- Targeting the Wrong Keywords
If you don’t include high-, medium-, and low-traffic keywords, your campaign will not be fully successful. The low-hanging fruit for any business is keyphrases that are three words or more. Yes, these will have far smaller amounts of traffic searching for them, but you need to get your keywords to the top of page one of the search results. You do that with long tail keywords that get some traffic (approximately 200+ searches a month) and have low competition.
- Not Having a Complete Plan
You need to have all the steps in place, from exhaustive keyword research and site-friendly design analysis to optimization and tracking implementation. Don’t forget that this war is waged on-page and off-page. Content, links, engagement, and social citations must work together.
- Not Implementing SEO Suggestions/“Code”
Not putting new SEO “code” on your pages or making suggested edits is a far too common reason for poor results. Campaigns need all facets of SEO to be implemented for the full benefits to be obtained.
- Not Tracking and Then Editing Based on Findings
If you don’t analyze your results, you can’t expect to make changes that will take the marketing campaign to the next level. When it comes to keywords, you have the ability to get smarter with your efforts on a daily, weekly, and, especially, on a monthly basis. Take full advantage of that and let visitor behavior (as seen through Google Analytics and Google Webmaster Tools) tell you what your best keywords are. Why guess when you don’t have to?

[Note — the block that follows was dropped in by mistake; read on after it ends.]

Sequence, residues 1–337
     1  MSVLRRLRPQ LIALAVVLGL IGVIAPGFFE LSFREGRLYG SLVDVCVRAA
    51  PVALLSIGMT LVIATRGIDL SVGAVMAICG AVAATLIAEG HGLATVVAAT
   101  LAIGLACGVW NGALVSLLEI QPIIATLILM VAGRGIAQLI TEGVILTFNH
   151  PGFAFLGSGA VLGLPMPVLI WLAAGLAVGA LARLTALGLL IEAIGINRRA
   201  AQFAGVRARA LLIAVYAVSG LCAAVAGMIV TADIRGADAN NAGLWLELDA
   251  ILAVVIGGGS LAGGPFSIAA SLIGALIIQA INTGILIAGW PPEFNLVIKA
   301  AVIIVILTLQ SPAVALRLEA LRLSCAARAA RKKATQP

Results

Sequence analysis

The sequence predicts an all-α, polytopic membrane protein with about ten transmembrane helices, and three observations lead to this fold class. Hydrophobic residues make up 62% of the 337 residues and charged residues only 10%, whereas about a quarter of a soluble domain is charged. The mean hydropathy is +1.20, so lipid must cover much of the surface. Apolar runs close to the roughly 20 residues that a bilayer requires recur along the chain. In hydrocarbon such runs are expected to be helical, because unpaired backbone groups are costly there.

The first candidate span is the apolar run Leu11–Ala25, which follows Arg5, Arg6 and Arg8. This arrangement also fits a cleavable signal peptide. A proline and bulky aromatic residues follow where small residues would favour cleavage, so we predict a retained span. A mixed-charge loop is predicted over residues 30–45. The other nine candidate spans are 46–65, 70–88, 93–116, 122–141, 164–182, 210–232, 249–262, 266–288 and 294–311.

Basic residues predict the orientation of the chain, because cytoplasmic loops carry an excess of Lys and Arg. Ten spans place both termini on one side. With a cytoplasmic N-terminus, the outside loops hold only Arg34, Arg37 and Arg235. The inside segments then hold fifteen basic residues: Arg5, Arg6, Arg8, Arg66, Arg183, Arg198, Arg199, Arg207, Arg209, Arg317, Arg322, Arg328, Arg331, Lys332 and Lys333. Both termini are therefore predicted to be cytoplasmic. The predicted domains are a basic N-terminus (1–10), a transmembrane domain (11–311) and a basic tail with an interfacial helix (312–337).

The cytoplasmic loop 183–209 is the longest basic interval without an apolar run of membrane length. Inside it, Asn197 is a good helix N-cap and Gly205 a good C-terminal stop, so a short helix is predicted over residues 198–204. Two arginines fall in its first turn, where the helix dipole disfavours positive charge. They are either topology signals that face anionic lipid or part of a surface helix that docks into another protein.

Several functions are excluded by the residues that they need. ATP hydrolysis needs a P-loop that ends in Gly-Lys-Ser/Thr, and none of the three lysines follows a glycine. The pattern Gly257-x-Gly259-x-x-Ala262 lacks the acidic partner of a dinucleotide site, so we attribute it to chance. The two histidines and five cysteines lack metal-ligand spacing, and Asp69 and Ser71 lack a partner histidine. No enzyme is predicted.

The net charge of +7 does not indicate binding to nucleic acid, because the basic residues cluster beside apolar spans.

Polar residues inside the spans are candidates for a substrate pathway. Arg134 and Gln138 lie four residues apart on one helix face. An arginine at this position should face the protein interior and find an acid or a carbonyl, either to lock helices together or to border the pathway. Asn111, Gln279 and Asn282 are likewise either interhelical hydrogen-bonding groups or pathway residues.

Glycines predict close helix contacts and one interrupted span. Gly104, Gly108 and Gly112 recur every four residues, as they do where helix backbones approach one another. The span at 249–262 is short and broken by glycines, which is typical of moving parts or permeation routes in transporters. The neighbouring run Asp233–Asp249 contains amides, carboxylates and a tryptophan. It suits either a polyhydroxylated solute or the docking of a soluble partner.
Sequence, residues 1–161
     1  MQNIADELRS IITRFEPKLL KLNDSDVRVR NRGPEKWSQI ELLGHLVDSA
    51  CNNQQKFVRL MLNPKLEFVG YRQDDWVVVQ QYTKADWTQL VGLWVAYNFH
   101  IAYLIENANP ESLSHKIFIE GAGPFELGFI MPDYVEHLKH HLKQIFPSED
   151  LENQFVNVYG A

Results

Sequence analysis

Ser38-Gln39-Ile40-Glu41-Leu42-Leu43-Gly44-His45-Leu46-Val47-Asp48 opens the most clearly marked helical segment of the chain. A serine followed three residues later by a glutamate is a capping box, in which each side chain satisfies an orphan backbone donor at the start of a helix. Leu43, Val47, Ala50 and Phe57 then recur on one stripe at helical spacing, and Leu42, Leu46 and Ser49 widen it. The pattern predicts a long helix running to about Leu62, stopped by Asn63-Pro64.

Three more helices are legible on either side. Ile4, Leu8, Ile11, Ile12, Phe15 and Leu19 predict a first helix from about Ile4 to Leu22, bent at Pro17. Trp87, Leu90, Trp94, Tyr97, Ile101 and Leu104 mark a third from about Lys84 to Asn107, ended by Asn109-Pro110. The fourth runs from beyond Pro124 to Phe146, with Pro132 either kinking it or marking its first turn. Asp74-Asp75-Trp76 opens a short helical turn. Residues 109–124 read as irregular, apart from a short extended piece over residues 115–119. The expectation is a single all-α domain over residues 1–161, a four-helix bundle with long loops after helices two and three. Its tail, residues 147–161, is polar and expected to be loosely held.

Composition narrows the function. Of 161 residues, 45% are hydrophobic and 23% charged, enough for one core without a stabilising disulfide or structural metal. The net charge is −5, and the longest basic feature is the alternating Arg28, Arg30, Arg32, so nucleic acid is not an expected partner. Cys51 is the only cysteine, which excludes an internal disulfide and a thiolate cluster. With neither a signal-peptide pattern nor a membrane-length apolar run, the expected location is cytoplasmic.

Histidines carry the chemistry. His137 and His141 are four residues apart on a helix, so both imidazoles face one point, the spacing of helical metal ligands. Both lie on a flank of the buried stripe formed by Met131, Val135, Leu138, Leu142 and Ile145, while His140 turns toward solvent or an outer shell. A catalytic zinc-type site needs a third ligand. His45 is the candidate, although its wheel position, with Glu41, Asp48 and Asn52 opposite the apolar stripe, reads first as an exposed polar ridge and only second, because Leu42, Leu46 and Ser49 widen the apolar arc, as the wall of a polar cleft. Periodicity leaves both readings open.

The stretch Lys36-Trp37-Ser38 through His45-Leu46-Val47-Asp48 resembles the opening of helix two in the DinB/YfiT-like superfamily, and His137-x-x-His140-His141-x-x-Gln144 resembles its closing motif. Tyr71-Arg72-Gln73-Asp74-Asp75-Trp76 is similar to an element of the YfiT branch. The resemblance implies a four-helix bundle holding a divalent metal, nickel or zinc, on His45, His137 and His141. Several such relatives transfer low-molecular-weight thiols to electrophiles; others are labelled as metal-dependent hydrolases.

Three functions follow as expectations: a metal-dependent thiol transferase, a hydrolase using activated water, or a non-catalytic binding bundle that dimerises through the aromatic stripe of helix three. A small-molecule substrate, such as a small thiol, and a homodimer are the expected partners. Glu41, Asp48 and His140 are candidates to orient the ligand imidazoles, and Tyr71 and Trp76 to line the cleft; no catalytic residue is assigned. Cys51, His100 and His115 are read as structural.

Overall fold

- Not Giving Continued Input to the SEO Agency
If you don’t offer input on why you may not be converting on certain keyphrases, your SEO may not be able to discern what keyphrases would be better. Work together using your knowledge of your business and the SEO’s research and implementation skills.
- Giving Up Too Soon Without Making Adjustments
The companies that say “SEO failed” are usually the ones that expected to do it once and then not make further edits to the site. If you track what works and what doesn’t, and make changes to pages that have lots of traffic but few conversions, you can make more out of the traffic you already have. All most people want is more traffic, which should lead to more conversions. But what about the traffic you already have? It can often be easier to make better use of existing customers than to bring in new traffic. This requires that you take a fresh approach to how you are “converting” people on each page. If your conversion rate is terrible, more traffic might not help much, and you can’t blame SEO for that.
Keep in mind that some campaigns bring results in a matter of weeks or months, while others blossom over many months or a year later. Especially with new websites, be aware that rankings can take a while to mature, especially if you have just implemented a links campaign. Google wants to assign your site the right “overall value” to the rest of the web. They can only do that over a considerable amount of time.
Now it’s time to learn more details on link building, which may just be more than half of the reason your site will rank well or not.
Can you think of other reasons that campaigns fail?